The employer would be subject to reporting requirements regarding stock on which employees have deferred income tax. The employer would also be required to provide notice to employees about their right to defer income tax on the stock as well as the consequences of the deferral. Employees who make the election would pay tax on the share value at vesting, which could decline over the deferral period. 

Finally, qualified stock under 83(i) would not be treated as deferred compensation for purposes of Code section 409A.

Other employee compensation provisions

For the most part, the proposals in the House bill to repeal a number of provisions that permit employees to exclude employer-provided benefits from income did not appear in the final legislation. The two that remain would tax the reimbursement of qualified moving expenses and certain employee achievement awards. There are other provisions in the tax reform legislation that would deny a deduction for certain reimbursements. Here is a brief listing of those provisions, each of which is effective starting in tax year beginning in 2018: 

  • Moving Expenses:  Companies will no longer be able to deduct most reimbursements provided to employees, nor can employees exclude those amounts from income if reimbursed by their employers.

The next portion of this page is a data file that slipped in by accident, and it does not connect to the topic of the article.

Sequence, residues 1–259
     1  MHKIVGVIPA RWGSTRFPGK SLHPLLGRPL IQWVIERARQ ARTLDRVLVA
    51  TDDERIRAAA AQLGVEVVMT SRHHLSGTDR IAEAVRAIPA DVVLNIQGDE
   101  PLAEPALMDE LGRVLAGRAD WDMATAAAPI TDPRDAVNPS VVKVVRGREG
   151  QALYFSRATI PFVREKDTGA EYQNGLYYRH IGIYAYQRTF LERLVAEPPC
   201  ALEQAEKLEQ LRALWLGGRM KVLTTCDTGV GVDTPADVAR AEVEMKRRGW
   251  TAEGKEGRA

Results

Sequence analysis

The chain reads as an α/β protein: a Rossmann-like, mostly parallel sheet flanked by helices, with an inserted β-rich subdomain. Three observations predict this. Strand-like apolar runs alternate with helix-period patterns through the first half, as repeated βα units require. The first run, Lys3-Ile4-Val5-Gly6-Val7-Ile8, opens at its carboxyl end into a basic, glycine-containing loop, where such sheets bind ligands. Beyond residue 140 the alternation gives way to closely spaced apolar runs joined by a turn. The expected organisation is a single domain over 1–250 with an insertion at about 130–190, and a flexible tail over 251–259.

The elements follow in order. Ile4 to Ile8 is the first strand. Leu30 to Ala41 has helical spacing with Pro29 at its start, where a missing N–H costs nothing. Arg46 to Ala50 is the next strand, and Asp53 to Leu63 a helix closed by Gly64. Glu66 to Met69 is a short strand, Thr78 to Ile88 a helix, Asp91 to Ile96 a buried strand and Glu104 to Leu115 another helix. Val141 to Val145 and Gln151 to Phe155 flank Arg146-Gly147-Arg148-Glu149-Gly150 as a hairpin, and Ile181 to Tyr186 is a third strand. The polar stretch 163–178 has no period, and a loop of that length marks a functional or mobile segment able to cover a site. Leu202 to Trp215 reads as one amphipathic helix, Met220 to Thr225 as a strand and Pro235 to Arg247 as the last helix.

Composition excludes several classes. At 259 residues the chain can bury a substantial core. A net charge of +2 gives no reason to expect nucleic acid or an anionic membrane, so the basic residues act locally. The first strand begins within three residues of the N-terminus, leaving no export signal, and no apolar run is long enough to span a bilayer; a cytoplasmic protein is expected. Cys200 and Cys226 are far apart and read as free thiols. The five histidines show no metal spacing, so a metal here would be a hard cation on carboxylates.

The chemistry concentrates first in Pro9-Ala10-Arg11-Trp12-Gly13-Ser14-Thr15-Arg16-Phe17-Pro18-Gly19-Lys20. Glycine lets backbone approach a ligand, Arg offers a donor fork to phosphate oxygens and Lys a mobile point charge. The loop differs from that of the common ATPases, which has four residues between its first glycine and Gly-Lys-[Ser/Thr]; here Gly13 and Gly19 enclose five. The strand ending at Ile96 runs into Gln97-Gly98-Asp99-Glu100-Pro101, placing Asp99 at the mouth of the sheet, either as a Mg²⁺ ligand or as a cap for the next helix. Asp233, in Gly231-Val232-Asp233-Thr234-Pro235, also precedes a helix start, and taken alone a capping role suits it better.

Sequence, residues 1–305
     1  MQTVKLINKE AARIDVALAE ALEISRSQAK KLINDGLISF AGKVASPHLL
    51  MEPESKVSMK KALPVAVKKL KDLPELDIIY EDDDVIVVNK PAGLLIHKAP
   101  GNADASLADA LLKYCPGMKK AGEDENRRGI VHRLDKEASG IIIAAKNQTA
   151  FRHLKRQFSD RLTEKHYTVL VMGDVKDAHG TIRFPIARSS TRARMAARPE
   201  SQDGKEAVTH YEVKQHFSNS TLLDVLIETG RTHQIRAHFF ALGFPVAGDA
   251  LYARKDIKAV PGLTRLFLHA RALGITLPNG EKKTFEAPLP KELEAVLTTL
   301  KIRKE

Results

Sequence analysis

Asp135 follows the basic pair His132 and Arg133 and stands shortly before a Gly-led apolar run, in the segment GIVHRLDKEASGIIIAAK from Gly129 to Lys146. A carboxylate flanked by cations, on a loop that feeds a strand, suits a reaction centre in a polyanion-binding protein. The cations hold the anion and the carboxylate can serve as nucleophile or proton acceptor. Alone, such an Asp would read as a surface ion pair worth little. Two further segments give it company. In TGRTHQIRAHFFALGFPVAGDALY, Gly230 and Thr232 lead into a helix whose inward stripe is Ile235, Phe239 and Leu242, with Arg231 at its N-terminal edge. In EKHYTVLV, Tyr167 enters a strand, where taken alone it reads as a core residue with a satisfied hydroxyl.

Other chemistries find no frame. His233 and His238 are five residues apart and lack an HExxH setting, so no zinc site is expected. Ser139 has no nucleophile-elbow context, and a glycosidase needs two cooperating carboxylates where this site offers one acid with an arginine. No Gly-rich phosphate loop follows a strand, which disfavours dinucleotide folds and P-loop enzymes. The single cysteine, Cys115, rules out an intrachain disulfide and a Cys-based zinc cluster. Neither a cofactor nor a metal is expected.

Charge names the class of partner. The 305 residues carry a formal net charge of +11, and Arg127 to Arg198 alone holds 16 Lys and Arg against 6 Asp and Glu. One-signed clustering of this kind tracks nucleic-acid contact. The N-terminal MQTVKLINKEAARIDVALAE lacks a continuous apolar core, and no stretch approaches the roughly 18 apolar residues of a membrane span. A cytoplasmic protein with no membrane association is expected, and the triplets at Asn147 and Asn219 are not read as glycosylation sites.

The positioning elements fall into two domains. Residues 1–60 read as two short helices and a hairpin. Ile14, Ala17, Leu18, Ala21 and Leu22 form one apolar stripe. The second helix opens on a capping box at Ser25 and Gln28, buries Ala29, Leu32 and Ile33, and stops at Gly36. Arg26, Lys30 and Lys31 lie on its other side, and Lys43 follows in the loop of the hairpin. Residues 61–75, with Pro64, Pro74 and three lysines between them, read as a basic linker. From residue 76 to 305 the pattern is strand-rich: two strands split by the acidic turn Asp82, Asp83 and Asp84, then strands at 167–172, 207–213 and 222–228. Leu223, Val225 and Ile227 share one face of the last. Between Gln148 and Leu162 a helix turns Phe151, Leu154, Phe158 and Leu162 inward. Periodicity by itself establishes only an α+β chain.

• Employee Achievement Awards:  Only certain employee achievement awards that are considered “tangible personal property” will be deductible to the employer and excludible from employee income.  These will not include cash, cash equivalents, gift cards, gift coupons or cash-based gift certificates, or vacations, meals, lodging, tickets to theater or sporting events, stocks, bonds, or other securities.
  • Other Benefits:  Deductions are curtailed or eliminated for (1) entertainment, amusement or recreation; (2) club dues for business, pleasure, recreation or other social purposes; (3) a facility used in connection with any of the above items; (4) providing any qualified transportation fringe and most commuting expenses. Employers can still deduct the expenses for certain on-premises eating facilities.


Puneet Arora 

Puneet Arora

Willis Towers Watson

Steve Seelig 

Steve Seelig

Willis Towers Watson

Bill Kalten 

William Kalten

Willis Towers Watson

Puneet Arora, Steve Seelig  and William Kalten are regulatory advisors specializing in executive compensation in Willis Towers Watson’s Research and Innovation Center. Email,, or